Means-Tested Mortgage Modification: Homes Saved or Income Destroyed?
This paper uses the theories of price discrimination and optimal taxation to investigate effects of underwater mortgages on foreclosures and the incentives to earn income, and the degree to which those effects are shaped by public policy. I find that the federal government's means-tested mortgage modification plan creates a massive implicit tax that may be significant even from a macroeconomic perspective. An alternative of modifying mortgages to maximize lender collections would also feature means tests, but with less effort distortion and perhaps fewer foreclosures. The paper also considers the consequences of a public policy that left mortgage modification to lenders, subject to a requirement that modification would not be conditioned on borrower income.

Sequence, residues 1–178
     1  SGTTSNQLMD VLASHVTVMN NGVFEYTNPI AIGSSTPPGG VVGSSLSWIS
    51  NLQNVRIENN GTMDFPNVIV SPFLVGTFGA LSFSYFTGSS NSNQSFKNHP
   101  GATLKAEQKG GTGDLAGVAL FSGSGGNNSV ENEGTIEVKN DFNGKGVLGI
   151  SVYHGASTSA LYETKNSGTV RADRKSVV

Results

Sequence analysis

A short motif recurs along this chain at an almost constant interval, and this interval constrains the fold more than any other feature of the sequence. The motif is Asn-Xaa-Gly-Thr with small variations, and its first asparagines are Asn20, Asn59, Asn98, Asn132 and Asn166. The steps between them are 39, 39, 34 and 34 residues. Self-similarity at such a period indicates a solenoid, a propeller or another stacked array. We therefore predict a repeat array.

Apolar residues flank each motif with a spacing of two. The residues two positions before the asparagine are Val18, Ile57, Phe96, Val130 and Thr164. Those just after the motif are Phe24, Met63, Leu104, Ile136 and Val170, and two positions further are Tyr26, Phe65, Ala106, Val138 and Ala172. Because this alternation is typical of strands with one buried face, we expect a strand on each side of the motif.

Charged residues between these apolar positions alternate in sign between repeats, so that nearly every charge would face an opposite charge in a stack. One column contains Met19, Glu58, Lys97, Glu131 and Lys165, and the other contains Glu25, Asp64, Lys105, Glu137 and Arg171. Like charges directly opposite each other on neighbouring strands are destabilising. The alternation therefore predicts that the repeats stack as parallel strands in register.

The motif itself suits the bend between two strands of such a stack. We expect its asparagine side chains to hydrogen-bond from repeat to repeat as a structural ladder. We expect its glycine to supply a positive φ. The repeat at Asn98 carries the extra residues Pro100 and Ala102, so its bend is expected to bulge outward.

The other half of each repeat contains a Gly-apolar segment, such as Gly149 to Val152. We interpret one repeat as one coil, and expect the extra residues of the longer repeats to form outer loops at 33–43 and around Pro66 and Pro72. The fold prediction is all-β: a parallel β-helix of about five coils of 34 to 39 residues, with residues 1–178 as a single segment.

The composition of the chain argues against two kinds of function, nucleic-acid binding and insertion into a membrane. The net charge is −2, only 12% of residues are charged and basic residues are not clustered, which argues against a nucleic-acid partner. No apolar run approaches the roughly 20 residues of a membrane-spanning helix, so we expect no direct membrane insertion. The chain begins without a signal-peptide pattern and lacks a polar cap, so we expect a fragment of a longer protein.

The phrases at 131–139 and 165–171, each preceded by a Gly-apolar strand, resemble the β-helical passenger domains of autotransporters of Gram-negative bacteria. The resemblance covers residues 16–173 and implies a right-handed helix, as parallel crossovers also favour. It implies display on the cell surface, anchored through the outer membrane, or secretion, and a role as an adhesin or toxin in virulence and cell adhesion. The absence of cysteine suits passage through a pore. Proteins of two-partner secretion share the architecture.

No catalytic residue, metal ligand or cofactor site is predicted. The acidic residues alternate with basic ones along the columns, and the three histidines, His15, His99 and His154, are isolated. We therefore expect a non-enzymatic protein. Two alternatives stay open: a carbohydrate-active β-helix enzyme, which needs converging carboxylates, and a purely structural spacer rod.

I appreciate comments by Gary Becker, Kevin Murphy, a number of University of Chicago students, and conference participants at the University of Illinois Chicago Campus. I will provide updates on this work on my blog www.panic2008.net. The views expressed herein are those of the author(s) and do not necessarily reflect the views of the National Bureau of Economic Research.